I’ve been interested in yoga for as long as I can remember. I was in primary school when I first came across yoga. My best friend’s dad had filled her room with wallpapers of mantras and yantras, and her shelves with cassettes and DVDs about meditation and yoga classes.
Sometimes, he would talk to us the same way he did to his adult friends and tell us stories about chakras and the importance of focusing on the present moment. It completely fascinated me. He treated yoga with such respect and the whole philosophy behind it was so simple that it delivered a clear message even to a ten year old like myself.
In my adolescence, I tried all forms of yoga. From the very first sun salutation sequence, I had printed on my door and practiced in the morning, to the few DVDs I could find on the market that I’d rigorously follow until I had learned them by heart. Later on, I made long lists of online yoga sessions, sorted them by my favorite instructors, and conscientiously followed their practice. I did this on and off for many years until I finally realized how hard it was to maintain the habit of a daily yoga practice at home, with no real guidance from a yoga instructor. So, I decided it was time to try various yoga styles with real yoga teachers, in a real yoga studio.
I started attending everything I could find. Relaxing Yin yoga classes, invigorating Vinyasa and Hatha yoga for beginners, intricate Iyengar yoga, Hot yoga, you name it. Whenever there was a new yoga course in town, I’d happily give it a try. I’ve seen so many yoga teachers with such varied teaching methods and backgrounds that soon I learned that the difference between a good yoga session and a bland one lies in nothing but the little things.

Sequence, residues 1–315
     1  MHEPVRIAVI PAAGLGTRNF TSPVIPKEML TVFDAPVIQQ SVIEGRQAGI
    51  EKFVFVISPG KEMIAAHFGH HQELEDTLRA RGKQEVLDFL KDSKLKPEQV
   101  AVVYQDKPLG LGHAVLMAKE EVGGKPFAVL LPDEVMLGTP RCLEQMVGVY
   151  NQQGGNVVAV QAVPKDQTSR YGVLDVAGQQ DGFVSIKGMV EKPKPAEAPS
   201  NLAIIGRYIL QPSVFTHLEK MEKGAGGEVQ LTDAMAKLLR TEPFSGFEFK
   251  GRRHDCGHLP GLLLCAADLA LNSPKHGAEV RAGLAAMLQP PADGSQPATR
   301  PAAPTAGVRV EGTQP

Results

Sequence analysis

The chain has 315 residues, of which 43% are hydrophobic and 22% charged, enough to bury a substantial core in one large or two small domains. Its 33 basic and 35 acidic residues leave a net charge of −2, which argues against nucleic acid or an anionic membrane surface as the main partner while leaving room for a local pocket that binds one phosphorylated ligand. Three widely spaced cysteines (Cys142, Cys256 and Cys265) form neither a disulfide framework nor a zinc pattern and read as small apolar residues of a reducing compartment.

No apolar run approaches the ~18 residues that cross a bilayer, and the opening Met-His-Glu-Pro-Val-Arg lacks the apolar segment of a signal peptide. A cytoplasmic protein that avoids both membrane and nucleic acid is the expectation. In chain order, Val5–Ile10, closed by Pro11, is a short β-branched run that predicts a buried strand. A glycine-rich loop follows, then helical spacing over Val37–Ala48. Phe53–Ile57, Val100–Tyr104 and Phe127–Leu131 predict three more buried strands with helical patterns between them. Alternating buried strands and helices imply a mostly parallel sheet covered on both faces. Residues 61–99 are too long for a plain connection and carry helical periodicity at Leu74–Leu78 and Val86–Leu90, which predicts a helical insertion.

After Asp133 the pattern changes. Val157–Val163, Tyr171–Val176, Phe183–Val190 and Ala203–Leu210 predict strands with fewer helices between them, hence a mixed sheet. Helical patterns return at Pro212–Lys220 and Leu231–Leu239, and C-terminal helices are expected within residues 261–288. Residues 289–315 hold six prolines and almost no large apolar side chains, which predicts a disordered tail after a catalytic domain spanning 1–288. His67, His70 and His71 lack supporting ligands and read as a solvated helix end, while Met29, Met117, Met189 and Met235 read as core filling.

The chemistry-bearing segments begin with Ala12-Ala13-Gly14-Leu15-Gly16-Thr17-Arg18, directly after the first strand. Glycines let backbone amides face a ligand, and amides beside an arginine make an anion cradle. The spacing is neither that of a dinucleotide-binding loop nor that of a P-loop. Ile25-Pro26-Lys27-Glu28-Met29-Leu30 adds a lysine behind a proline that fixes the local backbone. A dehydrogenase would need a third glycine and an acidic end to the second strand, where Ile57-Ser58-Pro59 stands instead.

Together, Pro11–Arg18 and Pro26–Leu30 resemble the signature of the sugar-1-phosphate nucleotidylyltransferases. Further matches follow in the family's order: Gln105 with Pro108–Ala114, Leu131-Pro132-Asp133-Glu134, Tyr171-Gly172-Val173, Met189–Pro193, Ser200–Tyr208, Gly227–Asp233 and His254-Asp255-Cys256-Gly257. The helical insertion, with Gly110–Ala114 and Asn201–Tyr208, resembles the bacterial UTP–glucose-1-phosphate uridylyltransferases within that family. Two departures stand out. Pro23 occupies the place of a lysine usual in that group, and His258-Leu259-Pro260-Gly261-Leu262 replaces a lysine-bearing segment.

Here is a list of five apparently insignificant things yoga teachers should always consider if they dream of leading an unforgettable yoga class:
Know Your Students Before You Start
Pay close attention to your students. Never sacrifice over the majority. If you have just one absolute beginner in a class of over 20 intermediates and advanced, be there for the first timer. Set your intentions to pay extra attention to them and stick with it. If you have one foreigner, it’s imperative that you run your class in English. I’ve been to quite a few yoga sessions abroad where some teachers simply excused themselves by saying there weren’t enough foreigners for them to lead the class in English. Now, it’s safe to say that attending a yoga class in a different language is the perfect recipe for disaster and complete frustration. The student will always be behind and will constantly look around trying to imitate the other yogis in the room. It will be impossible for them to stay focused in the pose and I guarantee they will never return.